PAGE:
SABMiller Doubles Cost Savings Target as AB InBev Circles
ABMiller doubled a pledge to cut costs as it seeks to rally shareholders around its rebuttal of Anheuser-Busch InBev NV, the larger rival seeking to buy the UK brewer for a record £65.2 billion ($100 billion).
Annual savings in the 12 months through March 2016 should exceed $430 million and reach $1.05 billion by 2020, the brewer said Friday in a statement. The company had previously targeted about $500 million in annual savings by 2018.
The onus is on SAB to prove it’s worth more after saying AB InBev’s proposal “substantially undervalues” the brewer of Grolsch and Peroni. Under UK regulation rules, AB InBev has until 14 October to make a formal offer for SABMiller. Altria Group, SABMiller’s largest shareholder with a 27 per cent stake, has urged the board to accept the proposal by AB InBev, which came out on Thursday criticising the target company for its refusal to engage, saying its resistance lacks credibility.
“Clearly it makes a lot of sense as part of SABMiller’s bid defense,” said Trevor Stirling, an analyst at Sanford C. Bernstein. "They’re saying they can drive out cost savings as well as AB InBev can to reassure shareholders that there’s no need to sell."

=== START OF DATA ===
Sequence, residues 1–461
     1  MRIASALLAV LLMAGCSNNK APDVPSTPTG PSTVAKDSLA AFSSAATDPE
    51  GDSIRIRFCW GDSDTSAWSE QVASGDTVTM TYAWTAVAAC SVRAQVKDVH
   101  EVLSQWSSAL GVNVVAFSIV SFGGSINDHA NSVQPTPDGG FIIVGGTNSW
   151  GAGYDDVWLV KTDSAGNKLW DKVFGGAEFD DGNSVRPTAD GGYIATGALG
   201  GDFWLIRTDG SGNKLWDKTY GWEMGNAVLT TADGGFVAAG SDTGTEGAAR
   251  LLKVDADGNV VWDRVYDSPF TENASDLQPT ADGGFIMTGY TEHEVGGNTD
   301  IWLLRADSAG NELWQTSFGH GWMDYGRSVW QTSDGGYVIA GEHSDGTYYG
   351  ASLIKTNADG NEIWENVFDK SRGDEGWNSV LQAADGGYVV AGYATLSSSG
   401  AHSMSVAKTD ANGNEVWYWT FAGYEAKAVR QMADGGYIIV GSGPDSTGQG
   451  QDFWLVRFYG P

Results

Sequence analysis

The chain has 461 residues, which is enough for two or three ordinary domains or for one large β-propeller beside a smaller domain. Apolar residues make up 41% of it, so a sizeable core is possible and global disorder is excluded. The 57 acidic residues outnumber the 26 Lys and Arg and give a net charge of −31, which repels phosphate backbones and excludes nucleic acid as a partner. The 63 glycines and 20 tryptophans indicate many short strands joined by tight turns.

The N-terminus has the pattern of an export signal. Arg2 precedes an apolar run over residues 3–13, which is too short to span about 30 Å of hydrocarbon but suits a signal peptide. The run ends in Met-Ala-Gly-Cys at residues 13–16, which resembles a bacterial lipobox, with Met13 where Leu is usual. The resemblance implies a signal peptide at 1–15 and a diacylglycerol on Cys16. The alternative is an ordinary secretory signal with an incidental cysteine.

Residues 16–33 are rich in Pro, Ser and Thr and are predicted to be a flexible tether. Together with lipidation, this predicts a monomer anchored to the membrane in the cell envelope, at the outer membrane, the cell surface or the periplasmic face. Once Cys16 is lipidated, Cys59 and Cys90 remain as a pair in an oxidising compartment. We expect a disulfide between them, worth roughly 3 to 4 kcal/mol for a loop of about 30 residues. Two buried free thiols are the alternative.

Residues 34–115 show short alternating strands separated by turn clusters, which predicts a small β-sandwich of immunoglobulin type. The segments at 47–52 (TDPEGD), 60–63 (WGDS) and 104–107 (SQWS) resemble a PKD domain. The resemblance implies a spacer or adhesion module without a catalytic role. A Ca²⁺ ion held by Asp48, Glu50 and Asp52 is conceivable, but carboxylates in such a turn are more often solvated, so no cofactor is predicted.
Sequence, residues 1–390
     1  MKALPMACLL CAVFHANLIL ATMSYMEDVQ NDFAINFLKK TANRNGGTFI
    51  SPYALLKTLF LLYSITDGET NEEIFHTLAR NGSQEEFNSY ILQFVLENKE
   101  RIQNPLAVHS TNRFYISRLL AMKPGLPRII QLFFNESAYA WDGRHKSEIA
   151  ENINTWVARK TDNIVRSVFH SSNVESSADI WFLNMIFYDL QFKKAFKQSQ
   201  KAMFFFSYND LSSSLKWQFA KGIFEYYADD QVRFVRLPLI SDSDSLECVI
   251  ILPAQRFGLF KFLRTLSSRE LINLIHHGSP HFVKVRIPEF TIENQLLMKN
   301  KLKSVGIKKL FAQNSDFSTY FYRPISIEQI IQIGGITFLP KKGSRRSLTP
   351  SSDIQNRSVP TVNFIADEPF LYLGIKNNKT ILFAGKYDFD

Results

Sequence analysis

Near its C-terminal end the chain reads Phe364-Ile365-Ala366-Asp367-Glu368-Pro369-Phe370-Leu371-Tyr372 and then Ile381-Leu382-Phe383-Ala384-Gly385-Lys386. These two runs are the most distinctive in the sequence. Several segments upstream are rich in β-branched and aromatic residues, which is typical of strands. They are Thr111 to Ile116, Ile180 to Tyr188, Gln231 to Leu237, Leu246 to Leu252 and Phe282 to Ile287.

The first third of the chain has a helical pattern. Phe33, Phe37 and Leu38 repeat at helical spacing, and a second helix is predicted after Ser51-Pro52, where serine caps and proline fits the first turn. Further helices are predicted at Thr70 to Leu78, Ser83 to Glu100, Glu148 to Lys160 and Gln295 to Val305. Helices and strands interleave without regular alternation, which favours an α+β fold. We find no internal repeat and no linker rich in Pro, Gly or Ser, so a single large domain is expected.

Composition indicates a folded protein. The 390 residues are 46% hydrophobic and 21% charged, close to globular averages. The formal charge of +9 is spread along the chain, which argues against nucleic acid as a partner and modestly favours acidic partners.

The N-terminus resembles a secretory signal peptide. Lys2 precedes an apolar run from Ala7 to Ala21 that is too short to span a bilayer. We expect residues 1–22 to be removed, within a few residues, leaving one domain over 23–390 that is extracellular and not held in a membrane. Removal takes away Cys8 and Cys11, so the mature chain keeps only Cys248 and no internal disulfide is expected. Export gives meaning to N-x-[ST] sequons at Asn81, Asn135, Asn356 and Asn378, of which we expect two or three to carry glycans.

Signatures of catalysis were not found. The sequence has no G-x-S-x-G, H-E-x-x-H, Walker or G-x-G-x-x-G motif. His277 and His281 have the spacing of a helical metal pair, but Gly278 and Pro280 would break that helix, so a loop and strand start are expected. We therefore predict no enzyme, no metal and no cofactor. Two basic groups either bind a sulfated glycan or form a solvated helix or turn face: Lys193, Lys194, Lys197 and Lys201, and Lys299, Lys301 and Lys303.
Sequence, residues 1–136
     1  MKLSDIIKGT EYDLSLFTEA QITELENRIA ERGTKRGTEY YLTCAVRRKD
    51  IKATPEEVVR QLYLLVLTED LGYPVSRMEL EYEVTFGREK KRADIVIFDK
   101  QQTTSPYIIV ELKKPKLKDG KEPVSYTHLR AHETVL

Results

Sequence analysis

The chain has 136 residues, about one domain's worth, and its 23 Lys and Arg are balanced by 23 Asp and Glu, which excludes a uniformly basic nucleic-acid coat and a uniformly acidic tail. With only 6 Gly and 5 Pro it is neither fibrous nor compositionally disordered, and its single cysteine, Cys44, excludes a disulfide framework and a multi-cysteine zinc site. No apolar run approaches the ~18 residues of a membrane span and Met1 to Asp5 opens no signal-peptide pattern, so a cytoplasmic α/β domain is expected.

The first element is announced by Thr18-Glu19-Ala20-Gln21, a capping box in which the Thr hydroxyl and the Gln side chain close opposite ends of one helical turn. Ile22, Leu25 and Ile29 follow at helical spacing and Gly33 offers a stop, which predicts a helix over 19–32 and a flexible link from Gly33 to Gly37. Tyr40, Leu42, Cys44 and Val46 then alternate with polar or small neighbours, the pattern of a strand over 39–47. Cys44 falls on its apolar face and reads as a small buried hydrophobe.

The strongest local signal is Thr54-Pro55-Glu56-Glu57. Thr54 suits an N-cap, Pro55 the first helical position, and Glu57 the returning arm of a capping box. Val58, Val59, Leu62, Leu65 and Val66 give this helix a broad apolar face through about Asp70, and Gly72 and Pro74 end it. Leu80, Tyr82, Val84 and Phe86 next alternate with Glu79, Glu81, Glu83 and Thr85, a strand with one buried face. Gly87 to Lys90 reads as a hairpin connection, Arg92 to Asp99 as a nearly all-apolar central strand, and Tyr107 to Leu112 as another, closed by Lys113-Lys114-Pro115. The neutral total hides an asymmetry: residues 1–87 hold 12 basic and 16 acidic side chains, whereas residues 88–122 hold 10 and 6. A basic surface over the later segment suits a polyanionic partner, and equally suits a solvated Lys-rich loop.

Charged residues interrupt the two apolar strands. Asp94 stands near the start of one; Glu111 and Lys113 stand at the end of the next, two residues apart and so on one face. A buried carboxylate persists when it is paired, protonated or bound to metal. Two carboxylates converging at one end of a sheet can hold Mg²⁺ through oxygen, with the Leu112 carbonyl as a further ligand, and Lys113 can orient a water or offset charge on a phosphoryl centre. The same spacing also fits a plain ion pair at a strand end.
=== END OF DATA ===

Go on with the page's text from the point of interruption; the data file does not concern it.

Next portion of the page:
The new cost savings will come mostly from procurement and also from making manufacturing and distribution more efficient, the company said. SABMiller said the plan assumes that there is no change of ownership.
SAB rose as much as 0.3 per cent to 3,653 pence in London. AB InBev’s proposal of 4,215 pence a share in cash that most stockholders would receive is 44 per cent above where SABMiller was trading before speculation of a deal.
“Our recent trading statement highlighted our accelerating growth in the second quarter,” said Chief Executive Officer Alan Clark. “Another key plank of our strategy is to build a globally integrated organization to optimize resource, win in market and reduce costs.”
Clark said SABMiller has a 38 per cent profit margin in its biggest 20 markets, based on earnings before interest, tax, depreciation and amortization. Still, that’s short of AB InBev’s profitability, the highest among major brewers. The Belgian brewer’s Ebitda margin for its total business was 39.4 per cent last year. Including all of SABMiller’s markets, the brewer’s most recent full-year Ebitda margin was 25.4 per cent on an adjusted basis, or 29.5 percent unadjusted.
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